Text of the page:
Teammates share All-American spotlight

MORE ARMY BOWL: 2012 All-Americans | Tour
CHARLOTTE, N.C. - Of course Germone Hopper and Nick Dawson seemed pleased. But that guy seated to their right, whoa, now that was one happy dude.
Phillip O. Berry Academy of Technology opened near uptown Charlotte in 2002 and, like most new schools with meager enrollment numbers, it struggled mightily in football. In 2008, Hopper and Dawson chose to attend the school and play for a new head coach, Andrew Howard. They promptly suffered through another winless season, going 0-11.

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That's what made Wednesday's scene in the school's cafeteria all the more surreal for the trio, which helped turn around the program. Hopper and Dawson were being presented with their jerseys as U.S. Army All-Americans, and Howard could not stop grinning the entire time.
"It's huge, just huge," Howard said. "I never thought in a million years that I'd have even one (U.S. Army All-American), then to have two on one team. When they were freshmen, we knew they were going to be special players. But we didn't know how special. Man, it's just amazing. We're just going to enjoy it, the school will enjoy it."
Both players are four-stars - Dawson a 6-foot-3, 228-pound linebacker and Hopper a 6-foot, 165-pound wide receiver/athlete - and they've led Phillip O. Berry to a 6-1 record so far this season. The only loss came against North Carolina's top-ranked team, Charlotte's Mallard Creek, which plays in a larger division.
The progress the program made from their freshmen season is stunning.
"Since that year (2008), I made a promise to my teammates that we'd make a change and we have," Hopper said. "We've been dedicated. We've been grinding and grinding, and now we're one of the top teams in Charlotte."
On the major turnaround he helped orchestrate, Dawson added, "We work hard every day and keep our team intensity up. When we came in, it just (started) changing. It was God working his magic."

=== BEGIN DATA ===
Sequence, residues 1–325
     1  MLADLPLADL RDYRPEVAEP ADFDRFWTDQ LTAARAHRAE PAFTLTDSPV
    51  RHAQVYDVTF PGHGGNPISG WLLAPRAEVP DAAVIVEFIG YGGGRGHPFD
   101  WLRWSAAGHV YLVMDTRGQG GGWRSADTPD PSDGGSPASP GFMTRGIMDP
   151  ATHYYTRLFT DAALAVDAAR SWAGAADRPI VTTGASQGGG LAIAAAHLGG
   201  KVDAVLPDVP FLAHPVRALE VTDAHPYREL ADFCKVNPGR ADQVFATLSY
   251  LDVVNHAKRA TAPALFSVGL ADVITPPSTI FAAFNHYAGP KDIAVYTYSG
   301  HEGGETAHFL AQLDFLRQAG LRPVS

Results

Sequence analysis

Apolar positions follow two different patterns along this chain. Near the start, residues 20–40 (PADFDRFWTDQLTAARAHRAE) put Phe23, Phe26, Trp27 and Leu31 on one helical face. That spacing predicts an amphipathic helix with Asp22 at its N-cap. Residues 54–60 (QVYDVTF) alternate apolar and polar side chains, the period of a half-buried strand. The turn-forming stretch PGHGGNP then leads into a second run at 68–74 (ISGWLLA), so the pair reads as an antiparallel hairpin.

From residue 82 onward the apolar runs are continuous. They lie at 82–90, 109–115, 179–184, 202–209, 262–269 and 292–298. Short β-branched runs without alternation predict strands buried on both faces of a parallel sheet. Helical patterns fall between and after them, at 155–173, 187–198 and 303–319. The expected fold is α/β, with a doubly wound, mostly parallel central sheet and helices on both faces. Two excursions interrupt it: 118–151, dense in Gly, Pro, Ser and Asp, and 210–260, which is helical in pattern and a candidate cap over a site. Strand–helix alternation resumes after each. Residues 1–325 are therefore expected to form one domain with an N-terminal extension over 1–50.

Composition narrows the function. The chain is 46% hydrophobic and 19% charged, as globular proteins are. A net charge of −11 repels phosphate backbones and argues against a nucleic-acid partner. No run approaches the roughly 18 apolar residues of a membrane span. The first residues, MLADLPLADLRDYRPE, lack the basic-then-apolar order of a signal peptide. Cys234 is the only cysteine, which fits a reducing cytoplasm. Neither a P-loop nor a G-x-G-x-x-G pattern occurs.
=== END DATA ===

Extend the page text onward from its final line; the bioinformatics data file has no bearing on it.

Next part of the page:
So now this perennial pinata of a program has one of the state's best teams and became just one of six high schools nationally that will send multiple players to the Army Bowl on Jan. 7 in San Antonio.
"I want to make a name for myself," said Hopper, a Clemson commit who is thrilled with the Tigers' fast start this fall. "I want to be remembered in this game. They selected me to play and I want to be remembered. This is not the end. ... And for us (to go together), it'll be great. It's not only my teammate, it's my best friend. We live 30 seconds from each other."
Dawson, who still is uncommitted with a long list of college contenders, and Hopper join an impressive list of Charlotte prospects. Wednesday's announcement came on the heels of the Army All-American jersey presentation for another Charlotte prospect, five-star offensive tackle D.J. Humphries of Mallard Creek. In all, the Charlotte metro landed six players in the game with a seventh hailing from not far outside the area.
"The Charlotte area is one of the best kept secrets," Howard said. "North Carolina is creeping up there as one of the premier states that produces a lot of good football. The state is doing a real good job of allowing us to play a lot of games and getting the kids prepared to play at the next level."